When being “all there” takes you away from here…

grad 2015edited“Wherever you are be all there. Live to the hilt every situation you believe to be the will of God.”

Sometimes I take this proclamation by Jim Elliot too far. As I attended the graduation ceremony of these “my” seniors, I felt not unlike a parent who had given her children up for adoption just before their senior year only to return for high school graduation feeling she had no right to share in the glory of these graduates.

But I attended anyway. Felt proud anyway. And risked turning into a pillar of salt (tears) in the act of looking back, nearly losing myself in tears as these precious former students entered and spoke.

I said as much when I chatted after the ceremony, when former students asked me if I missed teaching.

“No. I am completely happy in what I am doing,” I responded, perhaps too quickly. “Don’t get me wrong. I loved teaching while I was doing it, but I am equally happy NOT grading papers and going home from work knowing I’m not facing a pile of essays to grade. And, of course, I didn’t want to look back and turn into a pillar of salt in so doing.”

They seemed to understand the reference to Lot’s wife and my happiness despite leaving them.

The Class of 2015 became “my” home base as soon as they entered high school. Our guidance officer (she refused to be called “counselor,” as she said that was the Holy Spirit’s role, not hers) had the grandiose idea that a “home base” (or home room) of students, in the case of our small school an entire grade of students, would stay with one teacher for home room throughout their high school career.

Four years ago I was assigned the ninth graders who would become the Class of 2015. I balked — internally — because I doubted I would be there for the entire four years. My home life would prevail over my home room life, I knew, and my days at the Academy were limited. But I sought to embrace these students as “my class” while I could. My classroom would be theirs to decorate, theirs in which to eat lunch and socialize, and theirs in which to unite as a class as they completed ninth, tenth, eleventh, and twelfth grade year. Together we bought a tiny refrigerator, completed daily devotions and service projects, and competed in class competitions. These creative students helped me post unique bulletin boards and clean the classroom after the long school day in which our classroom was filled with other students and their sandy shoes.

Last year, I tendered my resignation at my husband’s request. It was time to get a job with benefits, and I was ready for a change (in particular, a job that didn’t invade my home life). But to say goodbye to this group was difficult. I envisioned myself a much better former teacher than I became. I did leave them a final bulletin board, made with the letters they’d created through the years, and I made sure they had a wonderful replacement teacher. I thought I might make it back for a few chapel services or a visit or two, certainly for their Capstone Project performances, plays, and basketball games. But I failed to check the calendar and missed those opportunities.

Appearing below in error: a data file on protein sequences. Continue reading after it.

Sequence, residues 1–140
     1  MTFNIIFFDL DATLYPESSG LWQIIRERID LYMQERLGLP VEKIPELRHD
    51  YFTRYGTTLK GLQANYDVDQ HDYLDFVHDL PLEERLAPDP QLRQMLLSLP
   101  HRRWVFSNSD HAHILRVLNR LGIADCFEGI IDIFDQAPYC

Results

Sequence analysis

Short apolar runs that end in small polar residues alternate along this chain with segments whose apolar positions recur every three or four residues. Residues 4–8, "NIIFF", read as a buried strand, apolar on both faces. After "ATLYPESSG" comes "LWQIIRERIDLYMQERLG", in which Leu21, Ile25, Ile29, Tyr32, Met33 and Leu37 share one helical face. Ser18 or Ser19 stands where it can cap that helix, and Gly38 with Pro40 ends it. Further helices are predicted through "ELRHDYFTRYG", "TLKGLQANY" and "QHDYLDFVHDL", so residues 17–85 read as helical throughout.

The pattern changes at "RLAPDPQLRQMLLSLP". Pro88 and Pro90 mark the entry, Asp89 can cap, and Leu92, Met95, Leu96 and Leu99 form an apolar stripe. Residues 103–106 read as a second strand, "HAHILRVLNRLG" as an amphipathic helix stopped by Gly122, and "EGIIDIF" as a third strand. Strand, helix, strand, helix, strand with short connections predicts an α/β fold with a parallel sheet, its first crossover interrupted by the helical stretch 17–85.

In truth, I was following Elliot’s advice: “Wherever you are be all there…” and contentedly so. But I knew I had to return to my old “wherever” and be “all there” at this graduation service.

Through the years, additional students joined while others left this class, and as graduation loomed, I realized just how many schools these graduating seniors now represented. I started getting invitations to graduation at a variety of schools. Two followed their coach to another school; one moved south to live with his grandfather; another moved south to live with his dad. One moved with her parents to another state; another moved back to live with her mother. Several students left for dual-enrollment at local colleges. Three others left for different private schools; another three left for public high schools. Only nine remained at the Academy, but it was to the Academy’s graduation I would go — though I would distinctly miss these students who held a place in my heart if not in my classroom.

As I started getting invitations to a number of graduations — for the first time several from other schools — it was the back side of one graduation announcement that grabbed my attention rather than the photograph and celebratory details on the front of the card.

Dear Sara. We wanted to send you one of Wil’s announcements — not because you are unaware he is graduating or in hopes of a gift, but as a thank you for your investment in him — your teaching, your example, your encouragement and most recently your willingness to be a reference for him are all investments you made in him that we are so thankful for. We pray God’s blessings on you and your family for the blessing you have been to ours! Love ya — Linda

Thank you, Linda and Wil and all my former students for the blessing you have been to me. Truly, teaching has been one of the greatest joys of my life — and, like you graduates, who won’t look back with longing on that high school classroom, instead looking forward to new challenges and joys — I too look forward, content to live in the present with a rich tapestry of life shared with you in my background.

So “be all there” — wherever that may be — and “live to the hilt every situation you believe to be the will of God.”

I will love you forever. God loves you more.

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